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Date: Fri Apr 18 2008 - 15:10:41 CDT
On Fri, 18 Apr 2008 15:42:44 EDT, Joey Mengele said:
> I disagree, read the RFC. There are plenty of more secure FTP
> clients such as the OpenSSH.com groups proactive secure Secure FTP
> (sftp) implementation of FTP.
Right, except that SFTP isn't the RFC959 protocol that lives on ports 20/21,
it's an entirely different protocol layered on top of the OpenSSH on port 22.
If you actually *do* "read the RFC", RFC959, section 4.1.1 says:
The argument field is a Telnet string specifying the user's
password. This command must be immediately preceded by the
user name command, and, for some sites, completes the user's
identification for access control. Since password
information is quite sensitive, it is desirable in general
to "mask" it or suppress typeout. It appears that the
server has no foolproof way to achieve this. It is
therefore the responsibility of the user-FTP process to hide
the sensitive password information.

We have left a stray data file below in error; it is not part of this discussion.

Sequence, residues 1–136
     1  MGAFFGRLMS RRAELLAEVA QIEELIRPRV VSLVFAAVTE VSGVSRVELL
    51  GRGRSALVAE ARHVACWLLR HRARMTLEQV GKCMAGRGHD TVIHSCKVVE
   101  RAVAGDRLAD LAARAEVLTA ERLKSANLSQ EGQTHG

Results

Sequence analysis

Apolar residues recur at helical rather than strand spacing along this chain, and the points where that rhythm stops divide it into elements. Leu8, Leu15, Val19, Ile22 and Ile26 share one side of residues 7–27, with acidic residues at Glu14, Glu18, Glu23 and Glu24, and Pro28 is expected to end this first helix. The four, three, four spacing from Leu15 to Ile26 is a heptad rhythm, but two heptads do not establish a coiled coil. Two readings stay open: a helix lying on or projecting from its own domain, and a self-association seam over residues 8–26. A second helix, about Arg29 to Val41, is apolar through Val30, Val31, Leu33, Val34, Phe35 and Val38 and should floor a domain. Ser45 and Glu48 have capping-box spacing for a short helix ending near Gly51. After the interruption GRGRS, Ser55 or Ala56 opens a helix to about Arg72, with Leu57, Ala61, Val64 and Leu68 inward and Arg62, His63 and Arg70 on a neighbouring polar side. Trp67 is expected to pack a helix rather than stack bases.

And RFC2228 (FTP Security Extensions) section 1 reminds us:
Although the FTP control connection follows the Telnet protocol, and
Telnet has defined an authentication and encryption option [TELNET-
SEC], [RFC-1123] explicitly forbids the use of Telnet option
negotiation over the control connection (other than Synch and IP).
Also, the Telnet authentication and encryption option does not
provide for integrity protection only (without confidentiality), and
does not address the protection of the data channel.
Of course, the problem is that RFC2228 is *Extensions*. Not part of the
base protocol. And what OpenSSH's SFTP is doing is actually documented
in RFCs 4250 through 4254.
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